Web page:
Page last updated at 10:21 GMT, Thursday, 22 October 2009 11:21 UK

US boosts Seychelles piracy fight

Spanish trawler Alakrana being taken by pirates, 03/10
A Spanish fishing boat was attacked off the Seychelles this month

The US is using drone spy planes based on the Seychelles to help the island nation fight off Somali pirates.

Seychelles officials say the planes will be used for surveillance, but did not say how many aircraft the US would be stationing there.

Pirates have moved further into the Indian Ocean since international warships began patrolling the Gulf of Aden last year.

The move comes a day after the US gave equipment to Mali to fight insurgents.

BBC Africa analyst Martin Plaut says there is a growing military co-operation between Africa and the US.

He says the Americans will run the drone spy-planes off the Seychelles, and they are planning to fly one mission a day.

Seychelles government spokesman Jean-Paul Adam said everyone agreed that surveillance was key to fighting piracy.

"If you know where they are, you're already half-way towards stopping them," he told the BBC's Network Africa.

Swap deal

In recent years the Gulf of Aden has become the most dangerous shipping lane in the world, prompting several countries to send warships to protect their cargo vessels.

Martin Plaut
Martin Plaut
BBC News

On land, Washington is involved in an ongoing attempt to fight al-Qaeda by working with 10 African states bordering on the Sahara - from Chad to Mauritania.

Offshore the US navy is involved in a continuing programme - sending its vessels to ports in West and East Africa to provide skills to their host nations.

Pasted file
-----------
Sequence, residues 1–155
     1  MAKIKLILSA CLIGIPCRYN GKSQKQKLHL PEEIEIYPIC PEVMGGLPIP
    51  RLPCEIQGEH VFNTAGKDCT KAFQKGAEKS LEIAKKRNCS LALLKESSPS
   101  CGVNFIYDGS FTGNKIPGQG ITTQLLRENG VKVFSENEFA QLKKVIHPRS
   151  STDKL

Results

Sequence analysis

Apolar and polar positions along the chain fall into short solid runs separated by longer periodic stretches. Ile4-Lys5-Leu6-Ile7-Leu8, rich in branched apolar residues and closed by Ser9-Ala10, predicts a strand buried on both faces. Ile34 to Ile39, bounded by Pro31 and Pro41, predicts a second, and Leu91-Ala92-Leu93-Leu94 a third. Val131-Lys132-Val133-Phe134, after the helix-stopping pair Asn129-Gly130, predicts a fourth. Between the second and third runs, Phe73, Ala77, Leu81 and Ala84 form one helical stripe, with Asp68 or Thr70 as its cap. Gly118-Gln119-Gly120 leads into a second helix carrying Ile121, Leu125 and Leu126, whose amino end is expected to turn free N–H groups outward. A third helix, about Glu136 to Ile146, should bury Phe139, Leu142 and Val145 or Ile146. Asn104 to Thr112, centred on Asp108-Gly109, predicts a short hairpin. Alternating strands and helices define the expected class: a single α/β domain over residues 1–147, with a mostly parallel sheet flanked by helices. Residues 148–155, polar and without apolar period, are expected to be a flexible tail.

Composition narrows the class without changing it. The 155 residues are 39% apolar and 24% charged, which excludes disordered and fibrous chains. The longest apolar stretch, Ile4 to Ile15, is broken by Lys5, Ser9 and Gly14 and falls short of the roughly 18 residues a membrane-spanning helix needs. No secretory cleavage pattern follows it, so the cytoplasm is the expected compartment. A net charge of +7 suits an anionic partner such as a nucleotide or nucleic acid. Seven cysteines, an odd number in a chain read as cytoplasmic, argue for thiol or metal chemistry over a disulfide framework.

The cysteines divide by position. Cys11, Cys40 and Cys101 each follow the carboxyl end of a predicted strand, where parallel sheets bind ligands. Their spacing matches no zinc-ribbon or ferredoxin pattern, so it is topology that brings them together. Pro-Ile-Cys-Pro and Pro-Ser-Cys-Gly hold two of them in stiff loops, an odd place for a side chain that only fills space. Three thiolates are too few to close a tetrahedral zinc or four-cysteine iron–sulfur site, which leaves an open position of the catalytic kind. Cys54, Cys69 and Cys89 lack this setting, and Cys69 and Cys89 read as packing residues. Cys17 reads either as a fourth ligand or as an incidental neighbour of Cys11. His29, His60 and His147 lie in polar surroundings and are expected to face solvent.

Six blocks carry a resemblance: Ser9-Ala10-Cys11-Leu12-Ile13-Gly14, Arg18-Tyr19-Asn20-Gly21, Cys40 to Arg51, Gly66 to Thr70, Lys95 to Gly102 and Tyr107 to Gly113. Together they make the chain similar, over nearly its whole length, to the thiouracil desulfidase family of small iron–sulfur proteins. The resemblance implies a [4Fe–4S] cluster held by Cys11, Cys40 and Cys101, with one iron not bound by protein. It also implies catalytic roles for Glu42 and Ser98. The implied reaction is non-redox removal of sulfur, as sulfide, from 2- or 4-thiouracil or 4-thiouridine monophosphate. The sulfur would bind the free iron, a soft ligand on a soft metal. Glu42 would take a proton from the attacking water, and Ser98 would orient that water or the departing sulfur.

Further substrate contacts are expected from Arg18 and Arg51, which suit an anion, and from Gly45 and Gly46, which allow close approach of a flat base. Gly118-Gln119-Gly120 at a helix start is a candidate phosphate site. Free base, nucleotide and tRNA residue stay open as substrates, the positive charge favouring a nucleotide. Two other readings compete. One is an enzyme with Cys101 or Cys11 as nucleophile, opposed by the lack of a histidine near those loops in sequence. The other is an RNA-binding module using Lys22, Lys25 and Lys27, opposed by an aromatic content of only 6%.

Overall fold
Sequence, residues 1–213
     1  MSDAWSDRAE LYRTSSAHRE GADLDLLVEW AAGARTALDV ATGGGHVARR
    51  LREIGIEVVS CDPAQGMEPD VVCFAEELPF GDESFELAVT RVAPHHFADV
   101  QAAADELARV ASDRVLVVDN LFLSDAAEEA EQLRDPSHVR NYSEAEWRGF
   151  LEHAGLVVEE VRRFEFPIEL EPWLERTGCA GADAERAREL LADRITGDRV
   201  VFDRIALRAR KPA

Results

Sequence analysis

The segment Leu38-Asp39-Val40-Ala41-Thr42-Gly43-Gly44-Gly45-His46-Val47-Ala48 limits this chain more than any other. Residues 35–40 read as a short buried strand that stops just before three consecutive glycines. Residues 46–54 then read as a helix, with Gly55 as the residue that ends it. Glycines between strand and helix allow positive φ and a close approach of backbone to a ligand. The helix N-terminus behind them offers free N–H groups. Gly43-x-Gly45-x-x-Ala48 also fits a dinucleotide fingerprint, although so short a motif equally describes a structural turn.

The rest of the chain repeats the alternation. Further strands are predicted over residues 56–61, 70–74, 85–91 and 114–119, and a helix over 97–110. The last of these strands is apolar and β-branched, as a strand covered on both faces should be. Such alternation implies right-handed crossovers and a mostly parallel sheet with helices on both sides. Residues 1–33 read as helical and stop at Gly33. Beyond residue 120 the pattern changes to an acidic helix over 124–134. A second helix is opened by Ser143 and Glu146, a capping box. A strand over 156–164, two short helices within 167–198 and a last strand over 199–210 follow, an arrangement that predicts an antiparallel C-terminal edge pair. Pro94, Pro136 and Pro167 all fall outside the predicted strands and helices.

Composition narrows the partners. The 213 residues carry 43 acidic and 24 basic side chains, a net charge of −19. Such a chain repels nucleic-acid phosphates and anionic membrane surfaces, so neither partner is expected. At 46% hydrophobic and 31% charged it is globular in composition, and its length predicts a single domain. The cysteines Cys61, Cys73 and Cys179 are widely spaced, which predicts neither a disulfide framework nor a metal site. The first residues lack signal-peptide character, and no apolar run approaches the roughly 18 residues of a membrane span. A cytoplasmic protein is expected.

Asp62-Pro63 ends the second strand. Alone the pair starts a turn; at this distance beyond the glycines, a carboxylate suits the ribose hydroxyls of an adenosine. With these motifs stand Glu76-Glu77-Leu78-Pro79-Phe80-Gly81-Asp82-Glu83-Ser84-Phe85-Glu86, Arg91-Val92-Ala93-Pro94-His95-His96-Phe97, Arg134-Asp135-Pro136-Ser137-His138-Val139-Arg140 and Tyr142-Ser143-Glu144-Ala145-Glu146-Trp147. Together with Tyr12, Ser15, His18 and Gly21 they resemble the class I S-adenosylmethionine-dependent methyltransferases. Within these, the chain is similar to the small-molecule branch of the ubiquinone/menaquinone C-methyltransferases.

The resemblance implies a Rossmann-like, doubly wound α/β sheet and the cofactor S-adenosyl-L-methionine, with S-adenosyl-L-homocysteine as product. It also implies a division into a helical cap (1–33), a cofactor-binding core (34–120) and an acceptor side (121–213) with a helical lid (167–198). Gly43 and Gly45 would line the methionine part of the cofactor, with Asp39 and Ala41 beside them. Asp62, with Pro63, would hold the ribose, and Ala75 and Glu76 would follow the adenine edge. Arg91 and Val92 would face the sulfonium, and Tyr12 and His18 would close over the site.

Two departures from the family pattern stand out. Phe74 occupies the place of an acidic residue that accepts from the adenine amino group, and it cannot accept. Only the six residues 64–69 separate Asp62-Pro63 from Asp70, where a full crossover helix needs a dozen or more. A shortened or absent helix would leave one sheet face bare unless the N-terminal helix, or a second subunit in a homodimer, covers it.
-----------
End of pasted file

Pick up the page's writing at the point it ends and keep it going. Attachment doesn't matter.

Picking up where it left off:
Of course, there are other forms of American military activity that are less public - intelligence gathering that results in targeted strikes against Islamic militants in Somalia are the tip of the iceberg.

But US President Barack Obama's main military effort in Africa relates to training and co-operation - support designed to allow the African military to defend their national interests.

The pirates have been forced southwards, pushing the Seychelles increasingly to the forefront of the battle.

Earlier this year Seychellois officials requested help from the international community to defend their 1.4m sq km of water.

This week France said it would help develop the Seychelles judicial system to ensure captured pirates could be punished.

In September, 23 pirate suspects were released in a swap deal for three Seychellois being held hostage by pirates in Somalia.

France and Spain both have major tuna fishing operations in Seychellois waters and both have come under attack.

A Spanish fishing boat with a crew of 36 was stormed by a pirate gang earlier this month.

Pirates have been able to take advantage of the chaos and conflict that has riven Somalia for years.

The country has effectively had no central government since 1991, allowing gangs to operate almost with impunity and accrue millions of dollars by holding crews to ransom.

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